The I v P conflict has once again shown the need for nation States to sign the Rome Statute of the International Criminal Court. Why? See the Malaysian Bar’s press release here.

Strange that the Malaysian Government does not seem to support the Court when we go around speaking up for and assisting victims of the conflict. There shouldn’t be much of a problem for our leaders here since we are touted as a model “peace-loving” country.

Much advocacy by the Human Rights Committee of the Bar has been done, and the Bar leads the Malaysian Chapter (MyCICC) of the Coalition for the International Criminal Court (CICC), a network of civil society organisations in 150 countries. (For a good write-up on the issues, see here.)

The CICC has just launched its site at the same time the Court begins its first trial against Thomas Lubanga Dyilo who stands accused of recruiting, enlisting and actively conscripting child soldiers in the Democratic Republic of Congo.

Follow the site, and start to understand how the Court works while hoping the atrocities about to be uncovered will never happen again. Second, do what you can in your own way to pressure our Government to be a party to the Rome Statute.

One reply on “Support the ICC!”

  1. The International Bar Association has issued a press release here:

    IBA hails start of ICC’s first trial as landmark development in international law

    The International Bar Association (IBA) today hailed the start of the first ever trial before the International Criminal Court (ICC) as a landmark event in the development of international law. The trial of Mr Thomas Lubanga Dyilo, a Congolese national charged with the war crimes of enlisting and conscripting children under the age of fifteen and using them to participate in hostilities, finally commenced today at the world’s permanent international criminal court in The Hague, after numerous delays which lead to a stay of proceedings in June 2008. Today’s trial date was the third attempt by the ICC judges to try Mr Lubanga who has been in ICC custody since March 2006.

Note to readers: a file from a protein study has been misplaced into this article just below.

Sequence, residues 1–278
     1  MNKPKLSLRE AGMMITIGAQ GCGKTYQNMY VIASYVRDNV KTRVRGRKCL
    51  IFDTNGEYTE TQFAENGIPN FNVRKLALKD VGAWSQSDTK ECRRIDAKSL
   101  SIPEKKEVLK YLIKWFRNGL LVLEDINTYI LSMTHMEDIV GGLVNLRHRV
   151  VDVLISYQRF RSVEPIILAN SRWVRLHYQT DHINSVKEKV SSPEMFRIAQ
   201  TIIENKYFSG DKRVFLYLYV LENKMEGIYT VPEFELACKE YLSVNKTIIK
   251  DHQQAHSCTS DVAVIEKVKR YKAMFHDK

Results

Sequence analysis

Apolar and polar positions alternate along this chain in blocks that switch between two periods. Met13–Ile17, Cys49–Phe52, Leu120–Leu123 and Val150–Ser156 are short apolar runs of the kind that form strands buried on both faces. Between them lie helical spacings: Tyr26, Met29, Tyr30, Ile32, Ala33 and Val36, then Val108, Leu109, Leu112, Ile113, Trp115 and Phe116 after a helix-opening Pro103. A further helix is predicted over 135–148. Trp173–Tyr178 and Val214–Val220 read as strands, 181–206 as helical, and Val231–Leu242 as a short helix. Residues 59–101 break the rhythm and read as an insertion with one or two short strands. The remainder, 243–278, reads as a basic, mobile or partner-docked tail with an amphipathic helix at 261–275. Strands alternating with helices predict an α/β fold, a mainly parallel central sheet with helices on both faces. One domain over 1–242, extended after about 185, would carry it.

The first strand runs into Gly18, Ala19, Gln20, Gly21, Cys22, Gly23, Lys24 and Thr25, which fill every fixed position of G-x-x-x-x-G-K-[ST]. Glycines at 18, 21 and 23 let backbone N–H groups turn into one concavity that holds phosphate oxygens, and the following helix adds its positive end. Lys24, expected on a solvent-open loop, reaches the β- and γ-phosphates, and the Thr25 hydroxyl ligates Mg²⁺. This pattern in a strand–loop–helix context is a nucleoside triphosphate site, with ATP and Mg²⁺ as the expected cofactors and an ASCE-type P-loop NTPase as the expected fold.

Mark Ellis, IBA Executive Director, commented: ‘The 26th of January 2009 will stand as an historic day for international law. The start of the first ICC trial marks a major step towards realising the vision of a group of nations that, more than ten years ago, signed the Rome Statute establishing the world’s first permanent international court. It signalled to the international community that impunity for genocide, war crimes and crimes against humanity will not be tolerated and that victims will see justice done according to the highest standards of international law’.

    The Lubanga trial will also mark another ‘first’ in international criminal proceedings. Ninety-three victims have thus far been granted the right to participate in the case, the first time at an international level that victims will be allowed an independent voice in the courtroom. The IBA welcomes the approach adopted by the trial judges in implementing a system which allows victims’ legal representatives to participate without unduly delaying the trial. Given the length of Mr Lubanga's pre-trial detention the IBA considers it important for the trial to be conducted expeditiously and with full respect for the rights of the defendant.

    The Lubanga trial is also expected to bring increased public attention to the phenomenon of child soldiers, a pervasive feature of conflicts in the Democratic Republic of Congo (DRC) and other parts of the world. While noting the progress made by the ICC Registry in carrying out outreach programmes in the DRC leading up to the trial, the IBA continues to urge the ICC to ensure that the information about the trial is properly disseminated to the affected communities as well as to the general public. Justice Richard Goldstone, Co-Chair of the IBA’s Human Rights Institute and former Prosecutor at the International Criminal Tribunal for the former Yugoslavia and the International Criminal Tribunal for Rwanda, said: ‘Starting today outreach to affected communities and public information to the wider public have taken on new urgency if the ICC is to ensure that justice is not only done but also seen to be done. The potential impact of this moment in the continuing fight against impunity is enormous and the Court must not lose this opportunity to make its work known and understood by the public.’

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